FOR IMMEDIATE RELEASE
ACS News Service Weekly PressPac: December 17, 2014
Not just for the holidays, mistletoe could fight obesity-related liver disease
"Viscothionin Isolated from Korean Mistletoe Improves Nonalcoholic Fatty Liver Disease via the Activation of Adenosine Monophosphate-Activated Protein Kinase"
Journal of Agricultural and Food Chemistry
Mistletoe hanging in doorways announces that the holidays are just around the corner. For some people, however, the symbolic plant might one day represent more than a kiss at Christmas time: It may mean better liver health. Researchers have found that a compound produced by a particular variety of the plant can help fight obesity-related liver disease in mice. Their study appears in ACS’ Journal of Agricultural and Food Chemistry.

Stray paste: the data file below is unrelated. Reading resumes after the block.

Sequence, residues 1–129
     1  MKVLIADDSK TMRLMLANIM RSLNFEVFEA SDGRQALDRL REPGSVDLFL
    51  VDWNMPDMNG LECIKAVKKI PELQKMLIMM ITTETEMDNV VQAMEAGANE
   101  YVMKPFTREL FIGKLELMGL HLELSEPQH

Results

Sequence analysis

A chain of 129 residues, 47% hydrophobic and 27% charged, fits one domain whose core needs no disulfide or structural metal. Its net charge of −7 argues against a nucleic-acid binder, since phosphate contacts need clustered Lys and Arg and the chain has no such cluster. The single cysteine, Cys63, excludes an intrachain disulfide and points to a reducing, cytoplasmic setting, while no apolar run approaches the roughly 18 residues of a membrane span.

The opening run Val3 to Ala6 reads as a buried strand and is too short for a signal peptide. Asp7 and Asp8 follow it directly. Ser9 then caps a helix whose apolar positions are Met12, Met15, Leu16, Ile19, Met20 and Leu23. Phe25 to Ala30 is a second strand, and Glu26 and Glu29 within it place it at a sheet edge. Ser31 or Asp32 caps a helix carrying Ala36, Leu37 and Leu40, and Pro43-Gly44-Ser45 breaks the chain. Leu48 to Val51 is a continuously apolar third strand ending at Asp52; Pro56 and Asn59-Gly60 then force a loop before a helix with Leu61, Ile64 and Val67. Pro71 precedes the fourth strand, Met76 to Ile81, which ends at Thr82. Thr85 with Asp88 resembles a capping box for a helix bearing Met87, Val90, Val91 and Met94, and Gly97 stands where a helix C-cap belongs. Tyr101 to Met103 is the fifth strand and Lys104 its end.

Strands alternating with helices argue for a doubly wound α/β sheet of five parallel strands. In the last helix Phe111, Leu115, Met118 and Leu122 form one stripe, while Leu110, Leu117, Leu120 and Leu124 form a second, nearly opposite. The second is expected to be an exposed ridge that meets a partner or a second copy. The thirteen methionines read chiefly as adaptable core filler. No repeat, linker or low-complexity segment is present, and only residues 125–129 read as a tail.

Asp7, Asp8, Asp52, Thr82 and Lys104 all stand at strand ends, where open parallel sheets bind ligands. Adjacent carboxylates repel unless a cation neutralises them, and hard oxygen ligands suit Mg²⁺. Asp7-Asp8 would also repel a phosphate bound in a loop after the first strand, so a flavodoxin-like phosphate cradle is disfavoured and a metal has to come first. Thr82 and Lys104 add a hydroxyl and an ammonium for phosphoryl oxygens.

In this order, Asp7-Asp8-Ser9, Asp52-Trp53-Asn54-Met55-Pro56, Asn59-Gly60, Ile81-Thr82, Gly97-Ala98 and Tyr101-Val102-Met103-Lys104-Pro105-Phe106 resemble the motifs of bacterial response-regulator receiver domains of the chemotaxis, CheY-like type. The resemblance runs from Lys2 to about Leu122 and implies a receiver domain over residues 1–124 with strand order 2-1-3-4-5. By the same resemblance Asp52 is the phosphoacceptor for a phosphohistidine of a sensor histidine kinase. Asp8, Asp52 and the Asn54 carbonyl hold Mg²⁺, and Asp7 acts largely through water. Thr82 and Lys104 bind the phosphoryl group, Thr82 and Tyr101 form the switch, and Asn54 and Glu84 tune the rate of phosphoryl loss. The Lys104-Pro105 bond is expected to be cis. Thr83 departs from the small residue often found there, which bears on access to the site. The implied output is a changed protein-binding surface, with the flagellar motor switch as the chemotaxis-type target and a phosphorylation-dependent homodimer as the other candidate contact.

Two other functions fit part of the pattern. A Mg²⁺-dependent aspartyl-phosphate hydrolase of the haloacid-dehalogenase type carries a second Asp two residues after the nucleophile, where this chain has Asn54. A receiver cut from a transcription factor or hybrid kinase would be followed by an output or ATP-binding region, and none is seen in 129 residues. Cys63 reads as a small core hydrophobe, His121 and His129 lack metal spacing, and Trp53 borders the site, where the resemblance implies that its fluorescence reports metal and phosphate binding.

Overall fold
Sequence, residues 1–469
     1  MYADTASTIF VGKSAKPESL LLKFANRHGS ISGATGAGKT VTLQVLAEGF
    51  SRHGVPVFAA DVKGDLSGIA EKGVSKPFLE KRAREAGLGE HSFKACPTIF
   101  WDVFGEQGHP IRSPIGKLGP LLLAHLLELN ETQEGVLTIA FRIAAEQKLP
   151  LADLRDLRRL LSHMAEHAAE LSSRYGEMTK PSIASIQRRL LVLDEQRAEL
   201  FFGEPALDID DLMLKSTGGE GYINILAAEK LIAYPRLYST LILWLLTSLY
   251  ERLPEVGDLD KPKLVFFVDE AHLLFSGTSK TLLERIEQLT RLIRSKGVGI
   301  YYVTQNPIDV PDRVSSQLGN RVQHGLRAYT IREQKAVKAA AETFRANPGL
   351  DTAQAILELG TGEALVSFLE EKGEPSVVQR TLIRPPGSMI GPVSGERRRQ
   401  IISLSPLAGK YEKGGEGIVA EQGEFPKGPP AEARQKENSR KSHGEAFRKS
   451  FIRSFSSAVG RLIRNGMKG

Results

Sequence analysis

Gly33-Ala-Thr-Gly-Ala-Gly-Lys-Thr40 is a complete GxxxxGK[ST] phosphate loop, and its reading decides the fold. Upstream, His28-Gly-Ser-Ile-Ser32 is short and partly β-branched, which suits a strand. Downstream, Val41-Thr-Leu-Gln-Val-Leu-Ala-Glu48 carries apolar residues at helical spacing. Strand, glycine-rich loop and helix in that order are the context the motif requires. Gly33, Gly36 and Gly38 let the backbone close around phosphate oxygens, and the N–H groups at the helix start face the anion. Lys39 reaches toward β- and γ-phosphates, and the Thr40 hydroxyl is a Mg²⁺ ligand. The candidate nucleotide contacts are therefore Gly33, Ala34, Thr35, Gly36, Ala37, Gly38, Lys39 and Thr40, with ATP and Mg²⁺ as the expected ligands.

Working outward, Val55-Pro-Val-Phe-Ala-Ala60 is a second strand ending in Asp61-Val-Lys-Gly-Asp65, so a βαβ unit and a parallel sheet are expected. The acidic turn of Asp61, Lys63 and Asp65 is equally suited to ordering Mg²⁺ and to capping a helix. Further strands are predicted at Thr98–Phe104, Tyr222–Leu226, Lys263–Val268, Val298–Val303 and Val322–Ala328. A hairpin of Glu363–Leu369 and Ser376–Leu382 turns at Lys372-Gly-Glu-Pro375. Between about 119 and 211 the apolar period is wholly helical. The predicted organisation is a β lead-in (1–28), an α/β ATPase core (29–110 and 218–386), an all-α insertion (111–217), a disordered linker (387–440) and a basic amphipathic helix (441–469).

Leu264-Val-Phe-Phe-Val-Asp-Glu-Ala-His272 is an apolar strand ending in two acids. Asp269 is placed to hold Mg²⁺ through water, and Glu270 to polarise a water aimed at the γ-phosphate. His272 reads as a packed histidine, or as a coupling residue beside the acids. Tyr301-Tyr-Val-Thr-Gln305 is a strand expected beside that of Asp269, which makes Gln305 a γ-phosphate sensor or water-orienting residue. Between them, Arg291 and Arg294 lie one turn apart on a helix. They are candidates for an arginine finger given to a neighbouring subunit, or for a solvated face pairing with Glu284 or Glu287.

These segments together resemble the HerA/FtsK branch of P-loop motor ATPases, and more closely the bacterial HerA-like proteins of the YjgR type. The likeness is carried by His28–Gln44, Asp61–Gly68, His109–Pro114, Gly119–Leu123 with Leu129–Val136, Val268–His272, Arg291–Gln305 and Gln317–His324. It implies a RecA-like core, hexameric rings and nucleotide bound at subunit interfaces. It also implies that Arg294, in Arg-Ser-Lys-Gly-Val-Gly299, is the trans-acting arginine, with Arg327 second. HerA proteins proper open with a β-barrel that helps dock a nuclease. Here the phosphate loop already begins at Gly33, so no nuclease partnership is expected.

Jungkee Kwon and colleagues note that, according to recent research, Korean mistletoe produces a number of biologically active compounds. These include familiar ones such as steroids and flavonoids. Also, extracts from the plant have shown anti-obesity effects, but no one had confirmed which specific molecules were involved. Kwon’s team wanted to investigate the matter and see if the key ingredient could also help fight fatty liver disease, which is associated with obesity and can progress to liver failure in some cases.
The researchers identified viscothionin as the compound in Korean mistletoe that affects fat metabolism in the liver. When they treated obese mice with it, their body and liver weights dropped. The scientists conclude that viscothionin could be explored as a potential therapeutic agent for the treatment of nonalcoholic fatty liver disease.
The authors acknowledge funding from the National Research Foundation of Korea and the Korea Science and Engineering Foundation.